First of all, it's not all that unusual to have a storm like Irma in the area. Despite the inconvenience of lack of power for days due to fallen trees, high water in low places including a number that were not expected, the eighty mile per hour winds were mild in comparison with what it could have been. And the rain? Well, after a very wet rainy season the added fourteen inches received during the storm did what they do in any area like this: they caused flooding, lots of flooding. But flooding is not unusual in East Alachua County, what creates the problem is politicians and developers continually thinking they can build massive communities in places where they should never be in the first place. The more they create the worse the problem gets; it's not just in Florida but everywhere where promises made are generally promises not kept.
Take the picture which accompanies this commentary, which is typical land in this part of the state. The water table is naturally high, but at this particular time it was already at it's maximum level so the water had nowhere to go but up. It doesn't create disaster in a low, rural area, just inconvenience, but if the same area was in the midst of huge development projects anyone in such an area would be under ten, maybe fifteen feet of water. And as far as the proposed large developments, with zoning to the maximum capacity allowed, they would likely either be under water themselves or sinking. Build your house on a bed of wet sand and things don't turn out too well.
If you don't believe that, take a look at what they did in Houston, Texas. They took a piece of land, lower than most, and made it into the center of a large city. The result when nature took it's course, disaster for thousands upon thousands. And they can't say they weren't warned since the same area had a major flood in 1936 when the city was much smaller. Water either has to runoff or be absorbed in the ground, but when you create a giant cement base or cover the preponderance of the land with homes and driveways and roadways, water has only one thing it can do. The water runs off to the lowest place which gets all of it in a rushing cascade.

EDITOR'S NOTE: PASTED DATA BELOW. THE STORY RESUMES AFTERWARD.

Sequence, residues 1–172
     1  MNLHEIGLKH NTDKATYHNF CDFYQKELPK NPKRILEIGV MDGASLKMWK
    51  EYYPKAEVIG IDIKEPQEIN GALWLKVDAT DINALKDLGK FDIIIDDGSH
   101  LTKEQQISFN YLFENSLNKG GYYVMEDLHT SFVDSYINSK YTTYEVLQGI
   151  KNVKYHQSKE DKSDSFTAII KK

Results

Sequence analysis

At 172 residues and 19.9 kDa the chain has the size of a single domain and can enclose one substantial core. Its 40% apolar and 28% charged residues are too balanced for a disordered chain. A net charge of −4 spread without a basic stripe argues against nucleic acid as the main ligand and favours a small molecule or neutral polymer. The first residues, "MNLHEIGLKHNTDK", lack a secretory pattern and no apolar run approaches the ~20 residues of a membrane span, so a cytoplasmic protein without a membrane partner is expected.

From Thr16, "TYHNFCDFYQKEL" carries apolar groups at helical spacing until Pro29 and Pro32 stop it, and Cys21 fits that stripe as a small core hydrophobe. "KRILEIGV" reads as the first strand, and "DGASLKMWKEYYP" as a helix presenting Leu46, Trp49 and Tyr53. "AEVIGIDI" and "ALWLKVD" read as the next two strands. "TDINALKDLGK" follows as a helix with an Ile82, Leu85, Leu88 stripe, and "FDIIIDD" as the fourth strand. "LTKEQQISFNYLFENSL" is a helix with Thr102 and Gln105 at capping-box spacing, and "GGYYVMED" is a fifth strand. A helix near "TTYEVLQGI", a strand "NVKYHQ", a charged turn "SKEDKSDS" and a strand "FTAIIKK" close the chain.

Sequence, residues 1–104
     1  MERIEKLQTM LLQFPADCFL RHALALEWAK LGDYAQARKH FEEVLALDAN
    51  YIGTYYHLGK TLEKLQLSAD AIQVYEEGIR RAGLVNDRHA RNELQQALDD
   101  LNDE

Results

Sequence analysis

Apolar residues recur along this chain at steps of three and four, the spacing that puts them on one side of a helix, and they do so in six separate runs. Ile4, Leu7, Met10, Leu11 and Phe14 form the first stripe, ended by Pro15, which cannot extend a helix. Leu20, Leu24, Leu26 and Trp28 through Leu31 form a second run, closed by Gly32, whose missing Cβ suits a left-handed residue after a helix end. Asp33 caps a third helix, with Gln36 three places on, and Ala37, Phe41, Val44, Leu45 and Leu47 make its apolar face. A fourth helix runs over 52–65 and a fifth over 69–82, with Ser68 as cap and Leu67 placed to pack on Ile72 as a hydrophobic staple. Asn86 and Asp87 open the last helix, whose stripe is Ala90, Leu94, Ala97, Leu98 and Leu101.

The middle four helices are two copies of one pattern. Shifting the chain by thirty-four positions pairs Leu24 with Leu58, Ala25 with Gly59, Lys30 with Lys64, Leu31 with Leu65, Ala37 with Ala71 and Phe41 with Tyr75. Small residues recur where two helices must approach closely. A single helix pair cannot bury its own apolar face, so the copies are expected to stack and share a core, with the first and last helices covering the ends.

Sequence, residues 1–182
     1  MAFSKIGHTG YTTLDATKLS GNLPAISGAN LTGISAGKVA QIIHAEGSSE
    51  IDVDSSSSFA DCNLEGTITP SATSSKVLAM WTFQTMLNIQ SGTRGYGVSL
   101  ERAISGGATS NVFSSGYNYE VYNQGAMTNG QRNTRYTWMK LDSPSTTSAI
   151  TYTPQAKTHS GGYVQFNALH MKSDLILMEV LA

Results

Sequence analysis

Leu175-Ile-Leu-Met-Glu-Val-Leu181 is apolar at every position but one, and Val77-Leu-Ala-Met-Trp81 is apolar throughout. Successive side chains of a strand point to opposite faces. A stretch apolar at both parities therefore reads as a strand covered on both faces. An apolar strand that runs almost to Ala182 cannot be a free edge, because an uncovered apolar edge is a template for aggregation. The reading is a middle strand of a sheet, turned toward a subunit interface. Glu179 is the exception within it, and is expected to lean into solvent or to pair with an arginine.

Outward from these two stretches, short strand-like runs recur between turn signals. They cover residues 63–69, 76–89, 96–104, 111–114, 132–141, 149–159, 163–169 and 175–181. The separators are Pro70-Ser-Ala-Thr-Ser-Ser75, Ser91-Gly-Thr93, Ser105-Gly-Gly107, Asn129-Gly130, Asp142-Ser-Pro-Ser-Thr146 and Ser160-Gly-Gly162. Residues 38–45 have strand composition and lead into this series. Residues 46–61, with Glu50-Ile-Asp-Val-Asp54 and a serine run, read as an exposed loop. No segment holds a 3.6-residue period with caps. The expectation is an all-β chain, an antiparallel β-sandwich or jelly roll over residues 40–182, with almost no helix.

Florida has a history of making the same mistakes over and over. It has gone on over a century to the delight of unscrupulous politicians and land schemers. Even on the coast where huge structures are built near the open sea, when disaster comes it is made much more dramatic by the crush of humanity caught up in it. Yet, for the greed of some and with the stupidity of others, it continues. So what will happen when this area gets a direct hit by a storm like a Harvey, or Maria or Irma? It will be destroyed with the cost of repair and replacement and the loss of life likely being horrendous and man will have no one to blame but himself. But the real problem is the blameless will be hurt the worst while those who created the mess will have moved on with the money made from creating the problem in the first place.
In addition to the destruction of the beautiful ocean and the natural beauty of Florida including the wonderful springs and wild nature of internal Florida, the Sunshine State will be an overpopulated disaster waiting to happen. Why not instead use some common sense and follow the lead that nature provides us as we develop? Just look around at the signs that nature provides; they tell us what we need to know if we only pay attention.
We dodged a bullet this year although many, particularly in the southern part of the state suffered dramatically. Isn't it time to learn from our mistakes or will we just continue with the same-old, same-old until the truly "Big One" comes? That's a question we all need to ask.
Let's save some of Florida. We don't need a high rise in the middle of a swamp nor do we need to waste our precious water that is needed to sustain life. Otherwise, we can just change the name to South Jersey and let the tourist trade go somewhere that will be worth visiting.
That's my story and after our rain and stormy summer, I'm definitely sticking to it. Florida is worth keeping as Florida, not just another cookie cutter state where all things and places look alike. We'll be better for it.